Praedictix Briefing: Issued Wednesday, January 10th, 2018:

* A couple rounds of snow are expected across the upper Midwest over the next couple days.

* The first will fall across parts of the Dakotas and northern Minnesota, bringing the potential of 2-5” of snow by Thursday morning. Strong winds will also have the potential to cause near blizzard conditions across this region with the snow.

* The second will ramp up tonight into Thursday from northern Kansas into western Wisconsin, with 2-8” possible. The heaviest snow with this batch (5-7”+) is expected from southern Minnesota into western Wisconsin, but is likely to miss most of the Twin Cities to the south and east at this moment (a change in the forecast since yesterday morning). This batch may start out as some rain during the overnight hours before transitioning to snow, so slippery roads along with blowing snow due to gusty winds are possible.

Snow To Spread Across The Upper Midwest. We will be watching two areas of the upper Midwest for the potential of heavy snow as well as blowing snow today into Thursday. The first will be across portions of North and South Dakota as well as northern Minnesota later today into tonight. This will have the potential of bringing 2-5" of snow with it, along with near blizzard conditions at times. The second batch of heavy snow will be possible from northern Kansas to western Wisconsin starting tonight and going into Thursday. This may start out as some rain (as it will be ahead of a cold front moving across the region) before transitioning to snow tonight into early Thursday. Across these areas, 2-8” of snow will be possible, with the heaviest falling across parts of Minnesota and Wisconsin. Since this snow will be falling in areas like Omaha and the Twin Cities during the morning commute Thursday, travel will be slow with slippery roads possible. Maps above: Praedictix and AerisWeather.

Watches, Warnings And Advisories. Due to the potential of snow and blowing snow which could lead to near blizzard conditions in spots, winter storm watches and warnings have been issued as well as numerous winter weather advisories. Breaking down the alerts:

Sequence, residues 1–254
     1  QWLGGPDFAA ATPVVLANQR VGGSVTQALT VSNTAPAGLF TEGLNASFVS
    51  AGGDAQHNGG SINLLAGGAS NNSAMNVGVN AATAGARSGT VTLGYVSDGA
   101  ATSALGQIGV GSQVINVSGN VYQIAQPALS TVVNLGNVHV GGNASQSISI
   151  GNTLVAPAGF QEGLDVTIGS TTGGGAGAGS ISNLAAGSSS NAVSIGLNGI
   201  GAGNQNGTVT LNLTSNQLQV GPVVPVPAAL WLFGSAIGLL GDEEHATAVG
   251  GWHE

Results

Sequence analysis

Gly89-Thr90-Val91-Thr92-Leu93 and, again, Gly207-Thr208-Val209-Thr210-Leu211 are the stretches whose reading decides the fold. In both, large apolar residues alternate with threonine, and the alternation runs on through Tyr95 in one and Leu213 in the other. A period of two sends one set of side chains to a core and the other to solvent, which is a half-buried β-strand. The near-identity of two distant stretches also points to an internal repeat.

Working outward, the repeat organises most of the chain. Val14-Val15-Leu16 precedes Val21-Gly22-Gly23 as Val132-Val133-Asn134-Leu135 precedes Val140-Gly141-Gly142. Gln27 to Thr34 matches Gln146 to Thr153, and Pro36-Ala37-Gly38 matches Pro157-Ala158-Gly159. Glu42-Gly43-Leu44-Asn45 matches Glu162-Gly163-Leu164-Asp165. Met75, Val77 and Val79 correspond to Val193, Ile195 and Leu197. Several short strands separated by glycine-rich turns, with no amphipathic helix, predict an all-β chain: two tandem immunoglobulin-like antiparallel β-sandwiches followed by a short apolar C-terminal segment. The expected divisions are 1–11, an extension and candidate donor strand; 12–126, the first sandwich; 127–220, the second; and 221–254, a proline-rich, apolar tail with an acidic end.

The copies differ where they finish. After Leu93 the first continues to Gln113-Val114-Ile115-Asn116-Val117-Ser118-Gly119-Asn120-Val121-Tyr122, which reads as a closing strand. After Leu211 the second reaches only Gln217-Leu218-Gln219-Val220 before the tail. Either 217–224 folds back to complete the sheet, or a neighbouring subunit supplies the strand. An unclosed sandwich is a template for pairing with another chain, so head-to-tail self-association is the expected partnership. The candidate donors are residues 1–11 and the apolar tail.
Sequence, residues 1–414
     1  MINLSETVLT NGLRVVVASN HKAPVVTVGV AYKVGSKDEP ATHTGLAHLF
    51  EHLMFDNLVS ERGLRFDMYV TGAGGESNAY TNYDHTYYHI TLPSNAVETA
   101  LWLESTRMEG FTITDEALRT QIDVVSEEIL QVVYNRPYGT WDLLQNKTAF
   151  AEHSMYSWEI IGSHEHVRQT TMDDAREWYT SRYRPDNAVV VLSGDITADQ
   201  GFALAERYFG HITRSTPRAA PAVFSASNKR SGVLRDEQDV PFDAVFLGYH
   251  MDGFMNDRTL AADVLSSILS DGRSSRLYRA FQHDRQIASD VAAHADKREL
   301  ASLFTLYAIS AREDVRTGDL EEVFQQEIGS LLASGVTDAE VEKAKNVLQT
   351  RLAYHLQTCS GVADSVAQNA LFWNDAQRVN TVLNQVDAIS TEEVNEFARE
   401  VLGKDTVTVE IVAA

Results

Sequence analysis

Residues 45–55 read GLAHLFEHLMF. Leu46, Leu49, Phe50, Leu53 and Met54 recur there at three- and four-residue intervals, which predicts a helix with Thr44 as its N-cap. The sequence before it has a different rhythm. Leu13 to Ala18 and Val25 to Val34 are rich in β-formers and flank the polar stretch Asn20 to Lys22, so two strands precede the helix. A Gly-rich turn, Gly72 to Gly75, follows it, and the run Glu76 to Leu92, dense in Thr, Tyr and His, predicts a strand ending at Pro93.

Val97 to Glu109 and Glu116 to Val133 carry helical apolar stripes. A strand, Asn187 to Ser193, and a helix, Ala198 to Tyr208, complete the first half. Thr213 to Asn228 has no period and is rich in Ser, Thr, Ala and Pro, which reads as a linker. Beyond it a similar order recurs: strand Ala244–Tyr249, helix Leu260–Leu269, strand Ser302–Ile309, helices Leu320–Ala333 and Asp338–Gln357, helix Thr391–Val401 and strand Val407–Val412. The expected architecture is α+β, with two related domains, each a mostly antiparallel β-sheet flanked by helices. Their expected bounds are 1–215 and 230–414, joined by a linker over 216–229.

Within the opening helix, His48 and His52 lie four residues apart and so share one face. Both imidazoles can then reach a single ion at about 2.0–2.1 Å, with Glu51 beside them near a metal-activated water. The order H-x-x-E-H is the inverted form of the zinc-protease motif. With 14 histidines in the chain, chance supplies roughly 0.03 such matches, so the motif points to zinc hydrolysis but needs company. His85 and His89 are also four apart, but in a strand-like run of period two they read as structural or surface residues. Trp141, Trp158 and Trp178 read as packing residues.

• A Winter Storm Warning is in effect for areas like Fargo and Grand Forks, ND. Snow amounts of 2-5” along with blowing snow that may cause near blizzard conditions in open areas are expected from this afternoon to noon Thursday.
  • A Winter Storm Watch is in effect tonight through Thursday afternoon from southeast Nebraska to western Wisconsin, including Omaha (NE), Mason City (IA), the far southeast side of the Twin Cities (MN), and Eau Claire (WI). Snow totals of 2-8” are possible across this area, along with a light glazing of ice across parts of Iowa.
  • Winter Weather Advisories are in effect from Kansas to Minnesota for generally less than 4” of snow. Gusty winds will cause areas of blowing snow and low visibility.

Forecast Snowfall. Today into tonight, snow totals will be heaviest across parts of the Red River Valley, where 2-5” of snow will be possible with the first batch of snow that moves through. The second round of snow - tonight into Thursday - will produce heavy snow of 2-8” across the Winter Storm Watch area, with the heaviest snowfall totals (6”+) expected across southern Minnesota into western Wisconsin.

NWS Most Likely Snowfall Totals. Based on NOAA guidance, here are the most likely snowfall totals for more select cities:

Grand Forks/Fargo, ND:

Omaha, NE:

Sioux Falls, SD:

Des Moines, IA:

Twin Cities, MN: